SAVANNAH, Ga. (AP) — Three white men serving prison sentences in the 2020 killing of Ahmaud Arbery are asking an appeals court to throw out their federal hate crime convictions, with two of them arguing their histories of making racist comments don’t prove they targeted Arbery because he was Black.
“Every crime committed against an African American by a man who has used racist language in the past is not a hate crime,” defense attorney Pete Theodocion said in an appellate brief written on behalf of defendant William “Roddie” Bryan.
Arbery, 25, was chased by pickup trucks and fatally shot in the streets of a Georgia subdivision outside the port city of Brunswick on Feb. 23, 2020. His killing sparked a national outcry when cellphone video Bryan recorded of the shooting leaked online more than two months later.
Greg McMichael and his son, Travis McMichael, armed themselves with guns and pursued Arbery after he was spotted running past their home. Bryan joined the chase in his own truck and recorded Travis McMichael shooting Arbery at close range with a shotgun.
All three men were sentenced to life in prison after a jury convicted them of murder in a Georgia state court in 2021. The following year, they stood trial again in U.S. District Court and were found guilty of committing federal hate crimes in Arbery’s death. That jury was shown roughly two dozen racist text messages and social media posts by the McMichaels and Bryan.
They all filed legal briefs in their federal appeals March 3 with the 11th Circuit U.S. Court of Appeals in Atlanta. Attorneys for Bryan and Greg McMichael say their hate crime convictions should be overturned because the evidence shows they pursued Arbery thinking he was a criminal, not because of his race.
Greg McMichael initiated the chase when Arbery ran past his home because he recognized the young Black man from security camera videos that in prior months showed Arbery entering a neighboring home under construction. None of the videos showed him stealing, and Arbery was unarmed and had no stolen property when he was killed.
Arbery’s race was “a fact of no greater import to Gregory McMichael’s calculus than Mr. Arbery’s biological sex, the shorts he was wearing, his hairstyle, or his tattoos,” wrote Greg McMichael’s attorney, A.J. Balbo. He said there would have been no chase had the runner been a Black woman.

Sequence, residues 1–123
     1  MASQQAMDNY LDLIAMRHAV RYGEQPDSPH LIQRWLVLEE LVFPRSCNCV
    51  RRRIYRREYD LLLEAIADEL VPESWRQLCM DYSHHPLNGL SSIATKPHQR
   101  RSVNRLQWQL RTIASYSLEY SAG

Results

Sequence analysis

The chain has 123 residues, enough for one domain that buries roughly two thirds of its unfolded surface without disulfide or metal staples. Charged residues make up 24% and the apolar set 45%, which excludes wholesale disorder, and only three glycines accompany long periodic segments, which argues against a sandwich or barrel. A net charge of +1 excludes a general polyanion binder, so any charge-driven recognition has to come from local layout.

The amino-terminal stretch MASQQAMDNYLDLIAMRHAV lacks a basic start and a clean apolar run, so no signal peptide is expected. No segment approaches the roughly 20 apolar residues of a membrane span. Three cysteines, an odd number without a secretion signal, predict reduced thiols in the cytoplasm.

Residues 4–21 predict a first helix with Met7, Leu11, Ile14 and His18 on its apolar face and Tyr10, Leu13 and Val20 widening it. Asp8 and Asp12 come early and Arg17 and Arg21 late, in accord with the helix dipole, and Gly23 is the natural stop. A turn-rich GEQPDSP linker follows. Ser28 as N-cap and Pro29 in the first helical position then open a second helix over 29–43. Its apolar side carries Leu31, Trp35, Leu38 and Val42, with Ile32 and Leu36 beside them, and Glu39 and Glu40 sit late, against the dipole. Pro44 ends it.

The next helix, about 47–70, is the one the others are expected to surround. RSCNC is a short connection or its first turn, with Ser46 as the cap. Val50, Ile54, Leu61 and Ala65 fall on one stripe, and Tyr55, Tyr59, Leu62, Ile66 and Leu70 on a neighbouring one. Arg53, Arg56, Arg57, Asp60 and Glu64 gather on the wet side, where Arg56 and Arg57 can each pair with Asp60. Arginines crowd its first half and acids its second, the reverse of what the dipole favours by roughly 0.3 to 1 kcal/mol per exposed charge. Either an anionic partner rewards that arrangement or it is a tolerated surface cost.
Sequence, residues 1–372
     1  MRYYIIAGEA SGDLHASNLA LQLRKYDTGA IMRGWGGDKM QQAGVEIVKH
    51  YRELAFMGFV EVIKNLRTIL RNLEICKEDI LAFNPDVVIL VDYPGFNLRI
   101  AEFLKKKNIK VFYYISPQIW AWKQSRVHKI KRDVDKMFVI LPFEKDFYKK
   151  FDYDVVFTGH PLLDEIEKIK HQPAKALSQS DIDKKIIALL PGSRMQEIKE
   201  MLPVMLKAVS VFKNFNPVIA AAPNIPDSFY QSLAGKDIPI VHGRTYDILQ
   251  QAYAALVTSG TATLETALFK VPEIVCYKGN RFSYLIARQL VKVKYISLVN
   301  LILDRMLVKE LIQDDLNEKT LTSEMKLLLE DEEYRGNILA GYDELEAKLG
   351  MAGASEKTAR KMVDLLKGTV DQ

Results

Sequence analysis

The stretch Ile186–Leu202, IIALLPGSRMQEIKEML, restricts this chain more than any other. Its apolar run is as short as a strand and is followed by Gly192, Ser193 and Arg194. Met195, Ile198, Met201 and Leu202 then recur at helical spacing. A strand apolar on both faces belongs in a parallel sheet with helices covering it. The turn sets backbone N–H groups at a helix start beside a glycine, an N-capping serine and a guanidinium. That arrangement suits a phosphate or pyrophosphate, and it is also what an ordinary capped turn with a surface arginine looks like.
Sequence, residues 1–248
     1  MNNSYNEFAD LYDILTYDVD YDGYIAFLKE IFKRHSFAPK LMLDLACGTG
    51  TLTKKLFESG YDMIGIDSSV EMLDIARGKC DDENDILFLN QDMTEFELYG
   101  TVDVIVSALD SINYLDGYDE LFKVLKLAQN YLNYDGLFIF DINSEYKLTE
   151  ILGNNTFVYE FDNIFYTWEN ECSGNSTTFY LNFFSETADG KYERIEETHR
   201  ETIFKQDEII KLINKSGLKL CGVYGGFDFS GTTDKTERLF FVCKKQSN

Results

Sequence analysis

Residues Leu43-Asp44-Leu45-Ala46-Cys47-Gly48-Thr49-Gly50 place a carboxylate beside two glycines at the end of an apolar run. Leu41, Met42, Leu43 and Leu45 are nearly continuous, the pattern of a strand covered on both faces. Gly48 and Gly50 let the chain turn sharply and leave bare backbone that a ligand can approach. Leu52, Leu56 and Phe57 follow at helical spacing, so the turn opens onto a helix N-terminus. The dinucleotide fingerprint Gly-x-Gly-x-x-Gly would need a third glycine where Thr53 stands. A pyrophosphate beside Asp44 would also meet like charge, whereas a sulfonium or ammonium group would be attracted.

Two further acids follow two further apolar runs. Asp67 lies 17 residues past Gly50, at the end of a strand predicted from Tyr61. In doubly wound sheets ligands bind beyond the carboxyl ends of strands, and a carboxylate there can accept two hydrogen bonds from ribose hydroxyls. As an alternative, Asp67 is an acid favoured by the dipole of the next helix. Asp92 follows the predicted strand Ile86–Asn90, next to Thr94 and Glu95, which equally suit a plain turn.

Bryan didn’t know the McMichaels and had never seen the security camera videos. Still, his attorney said that Bryan “had every right to assume” Arbery was likely a criminal after seeing him run by with the McMichaels in pursuit and ordering Arbery to stop.
“Arbery never called out for help or gave any signs that he was the victim of an unprovoked attack,” Theodocion wrote on Bryan’s behalf.
Travis McMichael’s appeal makes no effort to challenge whether racism motivated Arbery’s killing. Instead, his attorney argues a technicality, saying prosecutors failed to prove that Arbery was chased and killed on public streets — as stated in the indictment used to charge the three men.
Defense Attorney Amy Lee Copeland says documents show that Glynn County officials declined to take over responsibility for the streets of Satilla Shores from a private developer when the subdivision was dedicated in 1958. She argued there’s no record that the county ever changed its mind.
Defense attorneys made the same arguments challenging racial motives and whether the streets were public during the federal trial in February 2021.
Prosecutors argued at the trial that the McMichaels and Bryan chased and shot Arbery out of “pent-up racial anger.”
Bryan had used racist slurs in text messages saying he was upset that his daughter was dating a Black man. A witness testified Greg McMichael had angrily remarked on the 2015 death of civil rights activist Julian Bond: “All those Blacks are nothing but trouble.” In 2018, Travis McMichael commented on a Facebook video of a Black man playing a prank on a white person: “I’d kill that f—-ing n—-r.”
On the question of whether the streets were public, prosecutors showed 101 service tickets for work the county performed in the neighborhood, mostly dealing with ditches and drainage. Copeland argued nothing showed the county paving or maintaining the streets except in relation to drainage repairs.
The U.S. Justice Department, which prosecuted the hate crimes case, has 30 days to file legal briefs in response to the hate crime appeals. Spokespersons for U.S. Attorney Jill Steinberg, the federal prosecutor for Georgia’s Southern District, and for the Justice Department in Washington declined comment Friday.
The 11th Circuit has not set a date to hear oral arguments in the hate crime appeals. Both McMichaels received life prison sentences in the federal case, while Bryan was sentenced to 35 years in prison. Also pending are appeals by all three men of their murder convictions in Glynn County Superior Court.